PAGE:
Is This The End of Internet Freedom?
I am angry. I am very angry. I am very angry because Facebook, Twitter, and Spotify are acting like a bunch of a-holes.
Here is what pissing me off, as reported by the great and only Wired.com:
Stream unlimited music without any data charges. The offer from T-Mobile includes popular services such as Spotify, iTunes, and Pandora. These apps will no longer count against your data plan, the company announced recently, no matter how much you stream across its 4G LTE network.
Or consider Sprint’s new offer, via its Virgin Mobile pre-paid service: unlimited access to Facebook, Twitter, Instagram, or Pinterest for just $12 per month.
Sounds like a good deal, huh? Sounds like a good deal for a retarded moron who does not care about the well-being of humankind. If you get access to only the major players, this would stifle competition. In turn, innovation would be stifled. Why would you wanna innovate – or do anything at all – when you are totally protected against all possible competition?
What really pisses me off is that these big money a-holes have built themselves on the idea of freedom, the idea of universal Web access. Now they are turning their backs on it.
You may argue that “Facebook is a walled garden”, as it is often called, so it was not really built on “the idea of freedom”.
If you think so, ask yourself: “If all the sites in the world prohibited it from accessing the data they own – back in 2004 when it has just started – would it become as popular as it is today?”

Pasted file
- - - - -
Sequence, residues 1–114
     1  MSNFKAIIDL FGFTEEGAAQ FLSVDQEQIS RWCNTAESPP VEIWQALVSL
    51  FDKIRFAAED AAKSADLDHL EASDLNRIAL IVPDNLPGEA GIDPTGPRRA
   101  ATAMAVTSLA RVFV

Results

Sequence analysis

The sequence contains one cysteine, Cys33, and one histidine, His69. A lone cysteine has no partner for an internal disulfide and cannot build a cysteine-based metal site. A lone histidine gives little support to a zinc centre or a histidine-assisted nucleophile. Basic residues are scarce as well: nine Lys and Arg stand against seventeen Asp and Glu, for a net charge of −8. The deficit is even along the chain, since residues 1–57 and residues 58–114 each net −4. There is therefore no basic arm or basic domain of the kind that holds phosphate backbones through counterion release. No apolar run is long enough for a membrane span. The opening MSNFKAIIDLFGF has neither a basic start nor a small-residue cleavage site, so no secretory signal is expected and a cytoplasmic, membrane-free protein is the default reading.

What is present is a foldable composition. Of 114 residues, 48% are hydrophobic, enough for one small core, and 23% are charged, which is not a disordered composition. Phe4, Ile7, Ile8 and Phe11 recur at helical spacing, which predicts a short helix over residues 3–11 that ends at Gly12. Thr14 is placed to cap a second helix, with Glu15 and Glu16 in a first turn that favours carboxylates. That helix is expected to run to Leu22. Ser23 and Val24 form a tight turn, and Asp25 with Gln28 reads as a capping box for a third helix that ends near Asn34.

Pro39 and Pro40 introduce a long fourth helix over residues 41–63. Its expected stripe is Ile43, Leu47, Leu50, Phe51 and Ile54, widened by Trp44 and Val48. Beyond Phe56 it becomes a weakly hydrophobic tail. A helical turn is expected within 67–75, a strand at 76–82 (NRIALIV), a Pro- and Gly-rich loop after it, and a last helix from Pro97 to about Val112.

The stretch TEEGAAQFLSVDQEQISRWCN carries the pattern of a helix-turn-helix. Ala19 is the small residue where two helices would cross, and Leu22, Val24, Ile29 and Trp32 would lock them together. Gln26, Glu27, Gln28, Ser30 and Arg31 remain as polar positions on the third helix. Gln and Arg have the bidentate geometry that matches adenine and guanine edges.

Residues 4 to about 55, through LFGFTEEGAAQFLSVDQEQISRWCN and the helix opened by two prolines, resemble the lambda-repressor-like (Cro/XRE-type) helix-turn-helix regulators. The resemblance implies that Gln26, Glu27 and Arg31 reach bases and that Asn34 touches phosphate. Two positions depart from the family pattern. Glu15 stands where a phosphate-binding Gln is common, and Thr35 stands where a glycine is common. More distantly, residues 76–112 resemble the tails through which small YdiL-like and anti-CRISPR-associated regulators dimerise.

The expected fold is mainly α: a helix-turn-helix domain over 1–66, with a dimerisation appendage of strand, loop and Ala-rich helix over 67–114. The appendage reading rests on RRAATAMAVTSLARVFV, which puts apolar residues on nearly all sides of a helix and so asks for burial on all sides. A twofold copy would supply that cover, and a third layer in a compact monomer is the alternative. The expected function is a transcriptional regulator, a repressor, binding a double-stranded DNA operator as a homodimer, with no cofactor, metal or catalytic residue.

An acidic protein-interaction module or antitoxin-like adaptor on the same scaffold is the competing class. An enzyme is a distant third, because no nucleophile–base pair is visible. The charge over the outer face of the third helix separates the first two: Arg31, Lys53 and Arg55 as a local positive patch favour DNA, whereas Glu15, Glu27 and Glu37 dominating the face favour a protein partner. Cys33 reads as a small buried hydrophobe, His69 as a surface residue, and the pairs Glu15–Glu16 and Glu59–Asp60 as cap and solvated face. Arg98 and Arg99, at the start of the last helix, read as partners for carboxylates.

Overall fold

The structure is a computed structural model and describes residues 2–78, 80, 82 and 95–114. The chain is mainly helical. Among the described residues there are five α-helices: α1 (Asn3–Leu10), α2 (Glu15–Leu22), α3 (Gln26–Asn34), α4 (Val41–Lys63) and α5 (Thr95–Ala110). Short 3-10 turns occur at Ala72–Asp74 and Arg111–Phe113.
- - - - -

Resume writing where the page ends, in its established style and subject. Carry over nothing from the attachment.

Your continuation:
You may still argue that it allows people to share with their friends, so “it would still become that popular”. Well, how about Pinterest?
Pinterest is built on the idea of data mining, or picture sharing to be more specific. If there were no Internet freedom, it would be prohibited from accessing other sites’ data. So its users would be unable to share pictures and there would be no Pinterest.
The same goes for Twitter. It’s built on the idea that anyone can share anything he wants, even if it is totally pointless and annoying, like many tweets are.
You may argue that this is different. That data-sharing between sites is different from data-sharing on social networks. Then ask yourself: “How access by human being is different from access by a computer program, if both are done for the same purpose of data-sharing?”
Yet all of these companies are saying “no” to this idea of data-sharing, the very idea that has helped them grow and prosper. So let’s say “no” to the big money a-holes who are helping them. Let’s say “no” to their deceptive mobile plans. Let’s tell ’em to ‘uck off.
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